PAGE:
TAXPACK. Income. Deductions. Losses. Tax offsets. Private health insurance. Medicare levy. Adjustments CHOOSE E-TAX AND LODGE OVER THE INTERNET.

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1 NOT FOR SALE Income Deductions Losses Tax offsets Private health insurance CHOOSE E-TAX AND LODGE OVER THE INTERNET. see page 6 YOU MAY ALSO NEED SUPPLEMENT. see page 5 LODGE YOUR TAX RETURN BY 31 OCTOBER OR EARLIER. Medicare levy Adjustments NAT AUSTRALIAN TAXATION OFFICE w ww.ato.gov.au

2 Commissioner s guarantee Michael Carmody COMMISSIONER OF TAXATION THE COMMISSIONER OFFERS YOU THE FOLLOWING PROTECTIONS IF YOU USE PROPERLY: As a TaxPack user you will not be expected to know more than we have presented to you in TaxPack and its related publications. We have made every effort, including consultation with tax professionals outside the Australian Taxation Office, to make sure that TaxPack is accurate. Nevertheless, if something is misleading and you make a mistake as a result, we will not charge you a penalty or interest on any missing tax. If you use TaxPack properly and make an honest mistake, my staff, including my auditors, will accept that you have honestly described your tax affairs. We will not charge you a penalty, although we may ask you to pay interest on any missing tax. Naturally, if you don t use TaxPack properly when you prepare your tax return, you are not covered by these protections. USING PROPERLY MEANS YOU MUST: have on hand all your necessary documentation and records for the income year (1 July 2000 to 30 June ) read all the preliminary pages they provide valuable information ranging from whether you need to lodge a tax return at all, to how you can get a faster refund read each question caption carefully and if it does not apply to you, go to the next question if it does apply to you, read the question carefully so that you provide the required details on your tax return make sure that you complete the Medicare levy surcharge question (M2). It applies to all taxpayers be aware of the Index at the back of TaxPack it can help you to find information that is relevant to your circumstances use the checklist on page 105 before you lodge your tax return. TaxPack has been prepared to help you complete your tax return correctly see Self-assessment it s your responsibility on page 4.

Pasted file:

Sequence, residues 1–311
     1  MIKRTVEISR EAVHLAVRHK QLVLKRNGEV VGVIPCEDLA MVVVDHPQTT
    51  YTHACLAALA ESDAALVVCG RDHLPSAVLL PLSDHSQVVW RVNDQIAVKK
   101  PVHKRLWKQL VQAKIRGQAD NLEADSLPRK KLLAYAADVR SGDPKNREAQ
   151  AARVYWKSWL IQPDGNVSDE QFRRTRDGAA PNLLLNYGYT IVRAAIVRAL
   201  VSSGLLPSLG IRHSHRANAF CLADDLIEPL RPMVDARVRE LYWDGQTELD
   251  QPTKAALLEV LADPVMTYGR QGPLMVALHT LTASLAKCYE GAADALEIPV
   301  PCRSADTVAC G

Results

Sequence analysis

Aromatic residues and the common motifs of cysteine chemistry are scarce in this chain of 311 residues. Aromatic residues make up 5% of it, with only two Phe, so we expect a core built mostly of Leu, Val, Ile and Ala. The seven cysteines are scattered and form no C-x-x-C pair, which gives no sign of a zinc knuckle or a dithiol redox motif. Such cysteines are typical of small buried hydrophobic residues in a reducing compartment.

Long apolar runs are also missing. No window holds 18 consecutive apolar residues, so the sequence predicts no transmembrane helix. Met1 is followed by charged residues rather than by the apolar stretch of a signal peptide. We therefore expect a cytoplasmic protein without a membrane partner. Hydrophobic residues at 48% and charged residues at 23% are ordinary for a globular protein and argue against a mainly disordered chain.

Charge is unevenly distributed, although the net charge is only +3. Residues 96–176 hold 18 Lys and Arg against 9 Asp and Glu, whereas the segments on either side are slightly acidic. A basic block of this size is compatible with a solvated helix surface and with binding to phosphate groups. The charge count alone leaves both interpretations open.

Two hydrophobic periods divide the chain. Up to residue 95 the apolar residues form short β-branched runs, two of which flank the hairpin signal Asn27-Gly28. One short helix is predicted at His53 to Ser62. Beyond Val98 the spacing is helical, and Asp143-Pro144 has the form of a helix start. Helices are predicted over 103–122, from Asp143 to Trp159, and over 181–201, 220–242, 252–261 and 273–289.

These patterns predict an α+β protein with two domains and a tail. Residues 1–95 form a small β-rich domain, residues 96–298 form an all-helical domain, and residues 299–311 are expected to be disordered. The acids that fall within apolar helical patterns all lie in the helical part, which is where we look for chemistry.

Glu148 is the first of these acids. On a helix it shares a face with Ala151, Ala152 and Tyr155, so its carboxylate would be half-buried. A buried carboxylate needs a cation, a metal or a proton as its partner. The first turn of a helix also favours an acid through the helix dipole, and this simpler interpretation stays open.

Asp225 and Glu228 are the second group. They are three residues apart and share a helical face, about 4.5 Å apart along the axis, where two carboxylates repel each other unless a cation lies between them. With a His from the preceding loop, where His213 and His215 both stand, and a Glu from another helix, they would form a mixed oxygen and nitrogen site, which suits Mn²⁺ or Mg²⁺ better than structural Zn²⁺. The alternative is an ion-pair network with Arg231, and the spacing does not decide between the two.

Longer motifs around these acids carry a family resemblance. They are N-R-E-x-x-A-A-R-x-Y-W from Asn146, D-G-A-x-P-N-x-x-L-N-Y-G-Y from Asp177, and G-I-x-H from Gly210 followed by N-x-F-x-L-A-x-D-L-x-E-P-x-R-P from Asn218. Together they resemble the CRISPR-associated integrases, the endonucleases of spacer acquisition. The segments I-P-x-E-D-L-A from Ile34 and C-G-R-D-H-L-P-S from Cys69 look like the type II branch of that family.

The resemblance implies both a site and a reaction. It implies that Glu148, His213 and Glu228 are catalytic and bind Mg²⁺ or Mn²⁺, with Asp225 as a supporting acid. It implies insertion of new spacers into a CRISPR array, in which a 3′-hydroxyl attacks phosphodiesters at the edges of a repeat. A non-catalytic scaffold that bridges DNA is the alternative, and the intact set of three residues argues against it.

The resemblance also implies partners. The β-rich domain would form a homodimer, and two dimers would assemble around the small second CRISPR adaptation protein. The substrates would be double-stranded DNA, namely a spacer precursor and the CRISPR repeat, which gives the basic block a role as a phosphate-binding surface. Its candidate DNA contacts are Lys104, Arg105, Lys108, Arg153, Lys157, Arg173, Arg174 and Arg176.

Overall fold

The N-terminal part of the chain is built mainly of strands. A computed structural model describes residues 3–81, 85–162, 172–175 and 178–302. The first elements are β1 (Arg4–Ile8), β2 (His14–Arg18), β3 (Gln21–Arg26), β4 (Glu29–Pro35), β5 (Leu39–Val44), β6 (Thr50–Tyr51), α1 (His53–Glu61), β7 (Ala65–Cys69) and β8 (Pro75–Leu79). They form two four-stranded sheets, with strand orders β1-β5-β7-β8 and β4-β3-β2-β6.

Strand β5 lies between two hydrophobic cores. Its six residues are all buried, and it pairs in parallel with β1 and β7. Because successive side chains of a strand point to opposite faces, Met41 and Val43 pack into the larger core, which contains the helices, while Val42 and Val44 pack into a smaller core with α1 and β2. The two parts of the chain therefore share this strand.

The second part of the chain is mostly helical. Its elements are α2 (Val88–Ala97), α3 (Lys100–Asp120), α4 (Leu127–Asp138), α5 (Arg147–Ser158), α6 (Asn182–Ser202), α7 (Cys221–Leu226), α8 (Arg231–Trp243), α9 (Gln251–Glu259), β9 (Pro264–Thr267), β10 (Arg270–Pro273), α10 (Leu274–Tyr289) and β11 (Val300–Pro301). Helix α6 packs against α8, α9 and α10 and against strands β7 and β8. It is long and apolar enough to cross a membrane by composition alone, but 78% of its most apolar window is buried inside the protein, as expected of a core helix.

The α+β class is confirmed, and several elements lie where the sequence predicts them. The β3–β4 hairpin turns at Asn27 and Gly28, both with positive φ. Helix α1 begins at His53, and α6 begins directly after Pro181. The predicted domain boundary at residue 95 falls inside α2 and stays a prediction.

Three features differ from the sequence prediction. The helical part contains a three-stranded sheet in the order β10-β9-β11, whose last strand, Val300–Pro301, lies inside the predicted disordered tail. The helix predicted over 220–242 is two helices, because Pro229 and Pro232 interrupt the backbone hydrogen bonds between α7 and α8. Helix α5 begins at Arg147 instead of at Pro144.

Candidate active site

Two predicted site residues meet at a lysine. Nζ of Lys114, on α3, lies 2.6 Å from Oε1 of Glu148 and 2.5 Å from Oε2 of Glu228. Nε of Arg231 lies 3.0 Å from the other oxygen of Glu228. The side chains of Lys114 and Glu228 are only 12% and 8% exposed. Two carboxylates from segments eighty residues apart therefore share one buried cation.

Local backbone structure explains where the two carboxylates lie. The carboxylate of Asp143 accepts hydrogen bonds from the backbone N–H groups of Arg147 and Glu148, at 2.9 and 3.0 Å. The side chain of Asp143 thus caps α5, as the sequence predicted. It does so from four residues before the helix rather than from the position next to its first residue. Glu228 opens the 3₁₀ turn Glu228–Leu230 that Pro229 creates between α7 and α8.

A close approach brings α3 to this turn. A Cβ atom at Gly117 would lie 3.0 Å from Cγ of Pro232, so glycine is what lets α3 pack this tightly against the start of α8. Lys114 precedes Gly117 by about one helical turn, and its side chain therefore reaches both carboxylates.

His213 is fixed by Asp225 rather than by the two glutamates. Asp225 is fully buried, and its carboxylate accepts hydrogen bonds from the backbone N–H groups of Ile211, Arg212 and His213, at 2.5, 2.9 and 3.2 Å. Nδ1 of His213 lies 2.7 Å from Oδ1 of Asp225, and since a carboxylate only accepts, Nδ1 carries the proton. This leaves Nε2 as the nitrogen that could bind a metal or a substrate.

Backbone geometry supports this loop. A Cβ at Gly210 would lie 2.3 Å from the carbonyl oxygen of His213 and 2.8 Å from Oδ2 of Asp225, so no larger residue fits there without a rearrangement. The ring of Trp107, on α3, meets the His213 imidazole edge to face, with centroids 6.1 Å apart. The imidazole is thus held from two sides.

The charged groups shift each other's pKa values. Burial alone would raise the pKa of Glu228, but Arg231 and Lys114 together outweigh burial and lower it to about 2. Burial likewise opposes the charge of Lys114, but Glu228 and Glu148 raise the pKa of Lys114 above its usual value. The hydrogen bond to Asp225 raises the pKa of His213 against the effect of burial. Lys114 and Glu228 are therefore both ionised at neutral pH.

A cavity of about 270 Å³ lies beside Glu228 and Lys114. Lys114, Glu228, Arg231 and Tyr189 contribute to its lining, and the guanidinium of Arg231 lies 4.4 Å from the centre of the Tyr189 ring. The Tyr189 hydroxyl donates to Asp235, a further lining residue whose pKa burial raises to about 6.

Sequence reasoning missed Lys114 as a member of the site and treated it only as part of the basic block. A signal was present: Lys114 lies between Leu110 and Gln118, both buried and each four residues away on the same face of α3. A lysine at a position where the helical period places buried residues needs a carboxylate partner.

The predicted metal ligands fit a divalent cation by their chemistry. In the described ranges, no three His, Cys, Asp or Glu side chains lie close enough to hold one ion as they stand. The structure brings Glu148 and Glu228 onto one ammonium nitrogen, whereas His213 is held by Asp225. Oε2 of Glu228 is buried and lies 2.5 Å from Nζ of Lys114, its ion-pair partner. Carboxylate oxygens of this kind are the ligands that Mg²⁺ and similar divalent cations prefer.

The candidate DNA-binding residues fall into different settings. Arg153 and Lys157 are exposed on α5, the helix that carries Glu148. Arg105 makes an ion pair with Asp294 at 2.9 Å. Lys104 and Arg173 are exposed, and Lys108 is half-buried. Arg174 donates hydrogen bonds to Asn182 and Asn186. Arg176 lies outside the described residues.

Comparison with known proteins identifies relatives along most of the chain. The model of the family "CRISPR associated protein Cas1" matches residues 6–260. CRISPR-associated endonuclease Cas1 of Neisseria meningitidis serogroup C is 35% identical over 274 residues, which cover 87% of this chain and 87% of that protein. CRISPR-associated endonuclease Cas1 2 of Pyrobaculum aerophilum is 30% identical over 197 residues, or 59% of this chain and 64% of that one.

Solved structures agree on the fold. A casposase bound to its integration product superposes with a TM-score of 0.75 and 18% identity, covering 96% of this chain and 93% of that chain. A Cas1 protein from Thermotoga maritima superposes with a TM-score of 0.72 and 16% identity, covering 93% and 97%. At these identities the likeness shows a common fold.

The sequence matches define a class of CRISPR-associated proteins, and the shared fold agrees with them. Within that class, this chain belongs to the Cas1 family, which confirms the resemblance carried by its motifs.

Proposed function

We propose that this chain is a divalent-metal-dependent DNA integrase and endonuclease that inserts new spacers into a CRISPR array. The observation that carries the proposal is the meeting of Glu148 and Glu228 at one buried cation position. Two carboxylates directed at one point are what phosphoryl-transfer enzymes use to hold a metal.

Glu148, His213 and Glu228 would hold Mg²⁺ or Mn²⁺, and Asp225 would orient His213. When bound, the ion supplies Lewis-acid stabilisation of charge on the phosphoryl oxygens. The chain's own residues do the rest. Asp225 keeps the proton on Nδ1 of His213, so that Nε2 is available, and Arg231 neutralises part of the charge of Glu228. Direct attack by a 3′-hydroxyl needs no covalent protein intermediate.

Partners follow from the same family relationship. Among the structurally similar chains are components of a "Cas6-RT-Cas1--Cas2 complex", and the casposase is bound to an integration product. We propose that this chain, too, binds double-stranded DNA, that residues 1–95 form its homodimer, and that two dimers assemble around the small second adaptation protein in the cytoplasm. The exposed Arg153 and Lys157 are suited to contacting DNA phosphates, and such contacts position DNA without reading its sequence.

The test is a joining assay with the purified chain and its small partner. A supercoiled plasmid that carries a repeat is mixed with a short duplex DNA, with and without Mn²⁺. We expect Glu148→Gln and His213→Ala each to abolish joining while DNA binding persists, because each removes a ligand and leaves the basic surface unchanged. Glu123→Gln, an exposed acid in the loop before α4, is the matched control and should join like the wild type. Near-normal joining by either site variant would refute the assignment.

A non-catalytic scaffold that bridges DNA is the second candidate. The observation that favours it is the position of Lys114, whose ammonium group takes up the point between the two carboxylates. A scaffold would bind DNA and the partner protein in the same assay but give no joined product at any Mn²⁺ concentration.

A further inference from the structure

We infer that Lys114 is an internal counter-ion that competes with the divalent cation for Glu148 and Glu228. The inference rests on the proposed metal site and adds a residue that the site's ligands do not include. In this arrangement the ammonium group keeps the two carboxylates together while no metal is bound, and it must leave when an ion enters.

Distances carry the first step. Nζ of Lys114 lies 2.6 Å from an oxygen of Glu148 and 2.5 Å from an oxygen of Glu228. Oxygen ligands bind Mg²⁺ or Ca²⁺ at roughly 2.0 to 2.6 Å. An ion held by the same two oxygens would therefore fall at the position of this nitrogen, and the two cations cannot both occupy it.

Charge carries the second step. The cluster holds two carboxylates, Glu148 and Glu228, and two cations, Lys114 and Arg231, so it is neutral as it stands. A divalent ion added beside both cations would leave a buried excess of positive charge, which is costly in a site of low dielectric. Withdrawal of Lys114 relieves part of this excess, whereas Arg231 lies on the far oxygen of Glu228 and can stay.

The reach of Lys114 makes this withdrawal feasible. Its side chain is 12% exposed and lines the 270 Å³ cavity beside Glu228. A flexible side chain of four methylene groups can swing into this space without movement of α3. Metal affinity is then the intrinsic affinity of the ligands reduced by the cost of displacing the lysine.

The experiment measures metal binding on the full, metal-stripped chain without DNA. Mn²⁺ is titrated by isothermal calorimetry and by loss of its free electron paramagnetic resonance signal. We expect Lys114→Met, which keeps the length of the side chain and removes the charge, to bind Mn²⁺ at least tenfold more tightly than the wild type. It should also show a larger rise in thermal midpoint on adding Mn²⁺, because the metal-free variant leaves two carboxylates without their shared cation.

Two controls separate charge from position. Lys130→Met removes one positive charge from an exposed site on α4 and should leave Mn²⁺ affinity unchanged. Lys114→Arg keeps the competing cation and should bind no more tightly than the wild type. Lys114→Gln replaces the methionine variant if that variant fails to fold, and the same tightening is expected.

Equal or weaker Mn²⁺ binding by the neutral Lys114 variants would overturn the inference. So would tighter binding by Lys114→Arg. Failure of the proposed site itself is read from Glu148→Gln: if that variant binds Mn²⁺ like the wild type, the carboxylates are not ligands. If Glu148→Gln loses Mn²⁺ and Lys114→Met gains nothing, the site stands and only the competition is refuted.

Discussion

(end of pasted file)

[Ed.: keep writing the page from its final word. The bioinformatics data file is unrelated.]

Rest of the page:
3 CONTENTS Page Do you have to lodge a tax return? 2 Messages 4 Do you also need TaxPack supplement? 5 What are your choices for doing your tax return? 6 If you need more help 6 Completing page 1 of your tax return 7 You do not have to pay tax on this exempt income 9 INCOME 10 1 Salary or wages 2 Allowances, earnings, tips, director s fees etc. 3 Lump sum payments 4 Eligible termination payments 5 Commonwealth of Australia government allowances and payments like Newstart, youth allowance and austudy payment 6 Commonwealth of Australian government pensions and allowances 7 Other Australian pensions or annuities including superannuation pensions 8 Attributed personal services income 9 Total reportable fringe benefits amounts 10 Gross interest 11 Dividends DEDUCTIONS 35 Claiming deductions for expenses that relate to your work as an employee D1 Work related car expenses D2 Work related travel expenses D3 Work related uniform, occupation specific or protective clothing, laundry and dry cleaning expenses D4 Work related self-education expenses D5 Other work related expenses D6 Interest and dividend deductions D7 Gifts or donations D8 Deductible amount of undeducted purchase price (UPP) of an Australian pension or annuity D9 Cost of managing tax affairs LOSSES 62 L1 Tax losses of earlier income years claimed this income year INFORMATION Page Dependants and separate net income 66 Family tax benefit 68 TAX OFFSETS 72 T1 Spouse (without dependent child or student), child-housekeeper or housekeeper T2 Low income aged person T3 Superannuation contributions, annuity and pension T4 30% private health insurance PRIVATE HEALTH INSURANCE POLICY DETAILS 89 MEDICARE LEVY RELATED ITEMS 90 M1 Medicare levy reduction or exemption M2 Medicare levy surcharge ADJUSTMENTS 99 A1 Under 18 excepted net income A2 Part-year tax-free threshold A3 Amount on which family trust distribution tax has been paid A4 Amount on which ultimate beneficiary non-disclosure tax was payable Checklist tax return pages How your tax is worked out 106 Working out your tax refund or tax debt 107 Where to lodge your tax return 117 If you made a mistake on your tax return 118 Paying your tax debt 119 Your notice of assessment 120 Privacy and access 122 Taxpayers Charter an overview 123 Your right to complain 123 Australian Taxation Office locations 124 Index 125 Publications Helplines inside back cover 1CONTENTS